What is the lipemic index?
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If you expect Glycemic index I copied/pasted information from
Glycemic index (also glycaemic index, GI) is a ranking system for carbohydrates based on their instantaneous effect on blood glucose levels. It compares carbohydrates gram for gram surrounded by individual foods, providing a numerical, evidence-based index of postprandial (post-meal) glycemia. The concept was invented by Dr. David J. Jenkins and colleagues in 1981 at the University of Toronto.
Carbohydrates that break down hurriedly during digestion have the superlative glycemic indices. Such carbohydrates require less vivacity to be converted into glucose, which results in faster digestion and a quicker increase of blood glucose. Carbohydrates that break down slowly, releasing glucose gradually into the blood stream, hold a low glycemic index. A lower glycemic index suggests slower rates of digestion and absorption of the sugars and starches contained by the foods and may also indicate greater extraction from the liver and periphery of the products of carbohydrate digestion. Additionally, a lower glycemic response equates to a lower insulin demand, better long-term blood glucose control and a decrease in blood lipids.
The glycemic index of a food is defined by the nouns under the 2 hour blood glucose response curve (AUC) following the ingestion of a fixed portion of carbohydrate (usually 50 g). The AUC of the experiment food is divided by the AUC of the standard (either glucose or white bread) and multiplied by 100.
The effect on blood glucose from a high versus low glycemic index carbohydrate.The average GI advantage is calculated from data collected within 10 human subjects. Both the standard and test food must contain an equal amount of available carbohydrate. The result give a relative ranking for each tested food .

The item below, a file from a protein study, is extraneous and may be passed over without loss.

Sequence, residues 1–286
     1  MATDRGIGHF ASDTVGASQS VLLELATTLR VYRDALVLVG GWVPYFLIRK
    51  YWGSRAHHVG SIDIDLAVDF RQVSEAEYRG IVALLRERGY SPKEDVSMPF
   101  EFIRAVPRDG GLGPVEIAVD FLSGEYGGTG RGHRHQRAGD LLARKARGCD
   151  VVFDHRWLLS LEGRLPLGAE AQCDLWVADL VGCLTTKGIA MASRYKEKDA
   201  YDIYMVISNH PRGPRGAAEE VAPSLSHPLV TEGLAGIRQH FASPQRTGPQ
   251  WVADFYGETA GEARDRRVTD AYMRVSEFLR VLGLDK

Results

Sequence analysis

Glycemic index values for different foods are calculated by comparing measurements of their effect on blood glucose near an equal carbohydrate portion of a reference food. The current validate methods use glucose as the reference food, giving it a glycemic index plus of 100 by definition. This has the advantages surrounded by that it is universal and it results contained by maximum GI values of approximately 100. White bread can also be used as a reference food, giving a different set of GI values (if white bread = 100, after glucose ≈ 140). For people whose staple carbohydrate source is white bread, this have the advantage of conveying directly whether replacement of the dietary staple near a different food would result in faster or slower blood glucose response. The disadvantages next to this system are that the reference food is not well-defined, and the GI enormity is culture dependent.